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The logistic birth and death process is perhaps the simplest stochastic population model that has both density-dependent reproduction and a phase transition, and a lot can be learned about the process by studying its extinction time,
, as a function of system size n. A number of existing results describe the scaling of
for various choices of reproductive rate
and initial population
as a function of n. We collect and complete this picture, obtaining a complete classification of all sequences
for which there exist rescaling parameters
converges in distribution as
, and identifying the limits in each case.
The stacked contact process is a three-state spin system that describes the co-evolution of a population of hosts together with their symbionts. In a nutshell, the hosts evolve according to a contact process while the symbionts evolve according to a contact process on the dynamic subset of the lattice occupied by the host population, indicating that the symbiont can only live within a host. This paper is concerned with a generalization of this system in which the symbionts may affect the fitness of the hosts by either decreasing (pathogen) or increasing (mutualist) their birth rate. Standard coupling arguments are first used to compare the process with other interacting particle systems and deduce the long-term behavior of the host–symbiont system in several parameter regions. The spatial model is also compared with its mean-field approximation as studied in detail by Foxall (2019). Our main result focuses on the case where unassociated hosts have a supercritical birth rate whereas hosts associated to a pathogen have a subcritical birth rate. In this case, the mean-field model predicts coexistence of the hosts and their pathogens provided the infection rate is large enough. For the spatial model, however, only the hosts survive on the one-dimensional integer lattice.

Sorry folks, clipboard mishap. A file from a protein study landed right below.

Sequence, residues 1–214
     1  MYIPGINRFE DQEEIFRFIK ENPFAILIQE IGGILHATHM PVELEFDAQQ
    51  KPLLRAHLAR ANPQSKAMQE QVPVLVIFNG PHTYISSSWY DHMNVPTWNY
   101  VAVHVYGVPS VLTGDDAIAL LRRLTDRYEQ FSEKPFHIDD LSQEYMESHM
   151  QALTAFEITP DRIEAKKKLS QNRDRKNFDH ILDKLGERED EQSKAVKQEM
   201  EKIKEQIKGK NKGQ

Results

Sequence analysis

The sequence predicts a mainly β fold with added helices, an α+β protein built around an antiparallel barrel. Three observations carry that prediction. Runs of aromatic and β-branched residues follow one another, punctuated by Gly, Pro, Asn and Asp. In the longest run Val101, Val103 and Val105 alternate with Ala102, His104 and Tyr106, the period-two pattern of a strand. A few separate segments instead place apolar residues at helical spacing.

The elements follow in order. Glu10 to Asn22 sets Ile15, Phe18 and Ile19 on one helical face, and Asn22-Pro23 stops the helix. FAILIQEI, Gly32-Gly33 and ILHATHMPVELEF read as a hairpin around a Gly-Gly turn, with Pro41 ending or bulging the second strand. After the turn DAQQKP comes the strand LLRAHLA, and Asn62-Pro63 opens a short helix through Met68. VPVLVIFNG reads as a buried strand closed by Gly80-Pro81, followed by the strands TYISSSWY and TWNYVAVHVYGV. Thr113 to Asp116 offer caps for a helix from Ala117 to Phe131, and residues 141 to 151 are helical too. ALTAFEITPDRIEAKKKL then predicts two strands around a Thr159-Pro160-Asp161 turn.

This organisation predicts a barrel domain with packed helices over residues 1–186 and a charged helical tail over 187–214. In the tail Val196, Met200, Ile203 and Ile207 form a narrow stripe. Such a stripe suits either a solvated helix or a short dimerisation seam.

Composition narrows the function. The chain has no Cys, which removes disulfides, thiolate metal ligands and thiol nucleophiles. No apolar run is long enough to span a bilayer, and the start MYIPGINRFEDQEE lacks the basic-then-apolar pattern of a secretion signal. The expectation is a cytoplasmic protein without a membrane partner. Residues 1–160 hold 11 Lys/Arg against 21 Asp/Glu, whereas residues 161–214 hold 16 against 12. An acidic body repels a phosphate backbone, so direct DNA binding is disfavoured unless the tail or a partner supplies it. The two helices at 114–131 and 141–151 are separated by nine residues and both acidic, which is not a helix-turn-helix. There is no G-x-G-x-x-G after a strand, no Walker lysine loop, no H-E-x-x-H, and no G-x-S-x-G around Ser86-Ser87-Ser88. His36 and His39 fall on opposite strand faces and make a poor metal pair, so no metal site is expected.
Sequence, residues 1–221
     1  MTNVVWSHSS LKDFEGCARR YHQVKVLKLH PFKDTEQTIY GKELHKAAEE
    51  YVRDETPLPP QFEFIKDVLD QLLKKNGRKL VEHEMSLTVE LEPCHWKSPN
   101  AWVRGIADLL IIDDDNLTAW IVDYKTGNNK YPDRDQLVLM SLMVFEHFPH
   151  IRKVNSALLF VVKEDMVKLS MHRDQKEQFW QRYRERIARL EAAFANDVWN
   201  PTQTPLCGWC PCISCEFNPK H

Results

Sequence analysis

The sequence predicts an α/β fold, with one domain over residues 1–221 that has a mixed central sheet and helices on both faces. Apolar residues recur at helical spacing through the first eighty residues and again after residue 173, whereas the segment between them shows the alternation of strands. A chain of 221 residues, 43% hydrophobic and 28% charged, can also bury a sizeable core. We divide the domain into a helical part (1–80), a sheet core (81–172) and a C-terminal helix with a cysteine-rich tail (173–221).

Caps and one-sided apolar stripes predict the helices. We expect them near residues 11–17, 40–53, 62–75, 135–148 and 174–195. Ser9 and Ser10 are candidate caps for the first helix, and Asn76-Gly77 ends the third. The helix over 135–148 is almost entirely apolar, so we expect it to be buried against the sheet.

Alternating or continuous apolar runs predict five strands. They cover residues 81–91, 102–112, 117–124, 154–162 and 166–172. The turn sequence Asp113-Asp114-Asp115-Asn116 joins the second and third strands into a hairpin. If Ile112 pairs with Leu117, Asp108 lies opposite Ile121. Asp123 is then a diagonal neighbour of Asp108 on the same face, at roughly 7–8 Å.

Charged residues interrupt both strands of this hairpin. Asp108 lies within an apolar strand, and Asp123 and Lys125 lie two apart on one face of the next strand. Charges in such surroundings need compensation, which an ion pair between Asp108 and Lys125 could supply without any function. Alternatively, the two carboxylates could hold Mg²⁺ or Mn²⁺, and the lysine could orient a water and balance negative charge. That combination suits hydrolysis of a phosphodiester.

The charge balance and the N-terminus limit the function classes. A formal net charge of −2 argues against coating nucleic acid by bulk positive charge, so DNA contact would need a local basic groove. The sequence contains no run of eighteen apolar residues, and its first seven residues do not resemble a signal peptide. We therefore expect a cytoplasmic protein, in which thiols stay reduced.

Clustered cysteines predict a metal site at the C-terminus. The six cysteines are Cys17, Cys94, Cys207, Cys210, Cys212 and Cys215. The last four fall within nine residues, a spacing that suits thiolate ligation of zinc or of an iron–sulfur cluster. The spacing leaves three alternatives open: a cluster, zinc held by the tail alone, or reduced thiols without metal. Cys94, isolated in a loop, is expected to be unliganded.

The susceptible→exposed→infectious→susceptible (SEIS) model is well known in mathematical epidemiology as a model of infection in which there is a latent period between the moment of infection and the onset of infectiousness. The compartment model is well studied, but the corresponding particle system has so far received no attention. For the particle system model in one spatial dimension, we give upper and lower bounds on the critical values, prove convergence of critical values in the limit of small and large latent time, and identify a limiting process to which the SEIS model converges in the limit of large latent time.
We consider a class of multi-type particle systems whose structure is similar to that of a contact process and show that additivity is equivalent to the existence of a dual process, extending a result of Harris. We prove a necessary and sufficient condition for the model to preserve positive correlations. We then show that complete convergence on Zd holds for a large subclass of models including the two-stage contact process and a household model, and give examples.
In this paper, we continue the work started by Steve Krone on the two-stage contact process. We give a simplified proof of the duality relation and answer most of the open questions posed in Krone (1999). We also fill in the details of an incomplete proof.
A version of the contact process (effectively an SIS model) on a finite set of sites is considered in which there is the possibility of spontaneous infection. A companion process is also considered in which spontaneous infection does not occur from the disease-free state. Monotonicity with respect to parameters and initial data is established, and conditions for irreducibility and exponential convergence of the processes are given. For the spontaneous process, a set of approximating equations is derived, and its properties investigated.
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